Output is a mess. There are several different ways: It looks like the intent was to use some routines called prout, proutn and prouts. But some of the code uses printf instead. I started changing that to Serial.printf because the linker was complaining that it couldn't find _write and I had assumed that printf was the reason. Halfway through that process, I did something unknown that fixed that issue so I left some of the plain printfs in there. There's also a PutChar function that's only called twice and only for '\n'. Obviously there's some scope for cleanup.

As far as I can see, it just responds to commands. The main function I renamed runsst. It has an infinite loop that mostly calls makemoves which is the command processor. All the rest of the game logic resides in the functions that are called to execute commands.

Got it to compile for my handheld but..

"`FLASH' overflowed by 9352 bytes"

I'm going to have to do some trimming of my stuff in there.

-jim lee

Ok I got it starting to run on my hand held. at least the text mostly coming to the screen. Getting a message back is a bit.. tricky..

Spent no end of time trying to figure out where or what chew() was.

-jim lee

jimLee:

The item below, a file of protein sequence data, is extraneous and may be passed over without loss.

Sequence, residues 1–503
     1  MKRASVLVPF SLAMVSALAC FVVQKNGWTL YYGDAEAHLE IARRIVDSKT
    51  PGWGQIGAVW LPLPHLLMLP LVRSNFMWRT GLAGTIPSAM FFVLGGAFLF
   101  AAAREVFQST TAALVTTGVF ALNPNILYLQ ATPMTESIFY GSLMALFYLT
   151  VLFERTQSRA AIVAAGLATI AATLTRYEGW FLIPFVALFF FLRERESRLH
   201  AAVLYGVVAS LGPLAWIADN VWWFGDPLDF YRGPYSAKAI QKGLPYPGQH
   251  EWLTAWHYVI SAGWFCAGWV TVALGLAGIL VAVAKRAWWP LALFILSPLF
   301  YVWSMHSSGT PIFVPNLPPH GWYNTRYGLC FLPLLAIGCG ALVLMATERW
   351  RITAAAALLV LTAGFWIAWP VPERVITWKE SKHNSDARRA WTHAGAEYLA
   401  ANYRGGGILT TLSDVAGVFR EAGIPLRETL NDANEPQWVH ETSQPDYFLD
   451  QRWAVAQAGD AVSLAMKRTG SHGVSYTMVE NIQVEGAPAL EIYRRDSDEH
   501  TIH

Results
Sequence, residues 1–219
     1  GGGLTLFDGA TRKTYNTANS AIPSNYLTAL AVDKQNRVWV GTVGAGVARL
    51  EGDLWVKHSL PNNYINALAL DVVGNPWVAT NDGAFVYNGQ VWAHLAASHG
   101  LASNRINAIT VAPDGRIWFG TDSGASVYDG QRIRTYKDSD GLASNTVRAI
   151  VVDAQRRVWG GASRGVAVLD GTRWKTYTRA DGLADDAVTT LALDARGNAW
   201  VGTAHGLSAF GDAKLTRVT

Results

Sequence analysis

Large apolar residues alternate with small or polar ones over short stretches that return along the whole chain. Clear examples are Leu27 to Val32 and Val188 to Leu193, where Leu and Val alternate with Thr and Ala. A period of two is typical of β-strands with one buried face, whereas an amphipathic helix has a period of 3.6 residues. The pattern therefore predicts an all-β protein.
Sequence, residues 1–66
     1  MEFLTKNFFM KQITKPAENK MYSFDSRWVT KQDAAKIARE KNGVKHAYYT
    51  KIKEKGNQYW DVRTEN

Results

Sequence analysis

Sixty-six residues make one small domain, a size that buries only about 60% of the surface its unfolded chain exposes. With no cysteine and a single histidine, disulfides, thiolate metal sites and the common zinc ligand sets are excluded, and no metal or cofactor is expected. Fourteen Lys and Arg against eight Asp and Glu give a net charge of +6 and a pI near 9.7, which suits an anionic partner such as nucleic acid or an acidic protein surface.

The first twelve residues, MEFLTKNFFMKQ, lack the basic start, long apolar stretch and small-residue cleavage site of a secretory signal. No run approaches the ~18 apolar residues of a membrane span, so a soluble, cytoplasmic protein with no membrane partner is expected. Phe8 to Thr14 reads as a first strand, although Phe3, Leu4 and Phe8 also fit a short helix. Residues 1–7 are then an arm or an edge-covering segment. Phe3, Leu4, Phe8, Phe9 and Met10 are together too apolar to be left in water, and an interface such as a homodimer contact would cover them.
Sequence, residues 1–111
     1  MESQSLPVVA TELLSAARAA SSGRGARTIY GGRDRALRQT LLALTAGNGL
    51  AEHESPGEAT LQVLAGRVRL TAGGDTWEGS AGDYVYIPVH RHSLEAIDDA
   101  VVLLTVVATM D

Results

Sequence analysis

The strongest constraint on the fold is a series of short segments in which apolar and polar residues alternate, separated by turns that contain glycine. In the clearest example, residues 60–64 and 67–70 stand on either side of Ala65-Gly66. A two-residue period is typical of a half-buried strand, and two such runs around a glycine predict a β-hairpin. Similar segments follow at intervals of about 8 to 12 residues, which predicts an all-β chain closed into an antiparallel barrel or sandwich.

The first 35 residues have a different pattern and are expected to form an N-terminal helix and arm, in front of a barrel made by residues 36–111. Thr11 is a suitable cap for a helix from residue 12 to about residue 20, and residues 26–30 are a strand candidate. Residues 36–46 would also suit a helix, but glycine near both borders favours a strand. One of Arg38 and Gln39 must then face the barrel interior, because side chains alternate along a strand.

Spent no end of time trying to figure out where or what chew() was.

It's riddled with poor names. Luckily, many of them have comments where they are defined. That's how I know that justin means just came in to this quadrant. Really!!?? That's also why I have a terminal window open so I can use grep!

I suspect that this was written for a machine where int is 16 bytes. So there are some savings to be made with variable types if RAM gets short. There are a number of flag variables that these days would be bool too.

Got it running on my hand held!

Now I have to go through and format stuff to be veiwable on my little screen.

I've never been ab le to grasp the ? command stuff.

What would this be as a standard if statement?

starch[quadx][quady] = damage[DRADIO]>0.0 ? d.galaxy[quadx][quady]+1000:1;

Thanks!

-jim lee

Never mind, I found it.

-jim lee

Really bad quality but, my son shot a quick video of me playing it on my little Arduino handheld.

U-Tube link.

Thanks again for the help wildbill!!

-jim lee